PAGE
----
1. Literature Review

         There is a general accord among L2 researchers that input holds a key role in many learning states of affairs, with Krashen’s audacious CI serving as a springboard for a vast amount of subsequent research and theoretical analyses (Mclaughlin, 1987). However, the theoretical positions of CI were questioned by several L2 researchers (e.g., Ellis, 1994; Larsen-Freeman & Long, 1991). Although all these researchers generally underscored the positive effect of CI on the process of L2 acquisition, they categorically rejected Krashen’s argument that CI is all that L2 learners need to acquire the second language. Some scholars suggested that to facilitate input to effectively become intake and consequently learning, L2 learners need to activate some cognitive attentional resources (Robinson, 1995; Schmidt, 1990, 2001). Likewise, Robinson (1995) maintains that these activated resources would further enhance noticing.


2.1. Noticing and Input Enhancement Hypotheses

The concept of noticing gave rise to the emergence of NH, which is defined by Schmidt (1990a, 2001b) as the conscious awareness of features of the target language input; a mediating factor that assigns a reciprocal link between input and learning. One of the earliest empirical studies on NH was undertaken by Schmidt and his associate, Frota (1986), where Schmidt examined his acquisition of Portuguese during his short time reside in Brazil. He made a diary of the input he had noticed through instruction as well as his interactions with the native speakers. Later he compared the two sources of data gathering and found a positive correlation between them. Therefore, Schmidt maintains that there is a positive link between noticing and emergence in production (1990). Later, the NH evolved into another theoretical concept called Input Enhancement (IE). Smith (1991) hypothesized that IE would promote L2 learners’ attention to salient features (e.g., word order, parts of words that express tense, agreement, idioms, and slang) of the input. He ascribed L2 learners’ failure to benefit from input to their lack of noticing ability as well as poor visual characteristics of the input characterized as saliency and noticeability.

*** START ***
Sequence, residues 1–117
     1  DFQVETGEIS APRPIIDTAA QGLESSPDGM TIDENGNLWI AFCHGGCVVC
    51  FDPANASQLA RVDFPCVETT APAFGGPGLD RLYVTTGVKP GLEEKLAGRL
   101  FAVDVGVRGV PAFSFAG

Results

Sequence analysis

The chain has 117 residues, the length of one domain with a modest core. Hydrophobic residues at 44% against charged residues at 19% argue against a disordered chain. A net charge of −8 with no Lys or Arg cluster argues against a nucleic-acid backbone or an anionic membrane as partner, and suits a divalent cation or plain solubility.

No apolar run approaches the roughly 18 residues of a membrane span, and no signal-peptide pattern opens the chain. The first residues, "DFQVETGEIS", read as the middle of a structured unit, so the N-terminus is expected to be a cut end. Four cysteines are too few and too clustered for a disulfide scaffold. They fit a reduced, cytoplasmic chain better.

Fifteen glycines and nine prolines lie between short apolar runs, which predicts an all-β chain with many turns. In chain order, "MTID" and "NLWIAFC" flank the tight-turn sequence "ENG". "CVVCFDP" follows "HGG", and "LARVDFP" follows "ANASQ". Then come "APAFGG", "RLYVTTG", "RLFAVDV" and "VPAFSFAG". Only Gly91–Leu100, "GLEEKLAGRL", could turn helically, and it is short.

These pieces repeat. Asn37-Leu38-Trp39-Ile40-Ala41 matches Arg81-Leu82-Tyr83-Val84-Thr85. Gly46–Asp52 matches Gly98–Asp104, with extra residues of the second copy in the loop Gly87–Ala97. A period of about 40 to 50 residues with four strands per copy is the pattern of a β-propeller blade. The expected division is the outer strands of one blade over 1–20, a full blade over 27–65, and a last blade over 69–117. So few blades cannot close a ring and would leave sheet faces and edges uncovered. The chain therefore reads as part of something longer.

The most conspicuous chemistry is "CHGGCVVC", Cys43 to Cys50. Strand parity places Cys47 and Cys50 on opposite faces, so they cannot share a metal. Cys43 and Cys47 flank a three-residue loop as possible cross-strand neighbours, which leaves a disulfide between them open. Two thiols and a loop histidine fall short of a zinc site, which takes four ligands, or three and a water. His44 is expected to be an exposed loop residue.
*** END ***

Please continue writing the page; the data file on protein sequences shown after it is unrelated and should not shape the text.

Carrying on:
Several empirical studies have provided evidence regarding the positive effects of IE on L2 learning.  Kian and Gorgian (2018) examined the effect of two types of attention-raising techniques (i.e., choice and underlining) on the Iranian L2 learners’ intake of English connectors. They employed two experimental groups and a control group and the results demonstrated that the underlining and choice IE techniques had a significant effect on the intake of the targeted forms of connectors. In a study similar to the current one, Namaziandost et al. (2020) also explored the impact of IE techniques (i.e., semantic input enhancement, input flooding, and visual input enhancement) on 92 Iranian intermediate EFL learners’ vocabulary acquisition. In doing so, they made use of three experimental groups and one control group. The experimental groups were exposed to reading passages containing academic words which were enhanced by either form of IE techniques while the control group was exposed to the reading passages whose academic words were not enhanced. The findings showed a significant gain for the experimental groups compared to the control group regarding academic words.

Although we cited some evidence that IE can positively affect L2 acquisition of certain grammatical features and vocabulary within reading passages yet there have been a few studies where IE suggested otherwise. For instance, Zarei et al (2016) investigated the effects of IE Techniques including, semantic input enhancement, input flooding, and visual input enhancement on female EFL learners’ both comprehension and production of lexical collocations. After taking an Examination for the Certificate of Competency in English (ECCE) test the study subjects were assigned into three treatments and one control group. For ten sessions, each treatment group was exposed to reading texts whose lexical collocations were enriched by one of the IE techniques whereas the treatment group received the same passages which were not lexically enriched. The results revealed that the three input enhancement techniques did not produce significant effects on the participants’ comprehension or production of lexical collocations.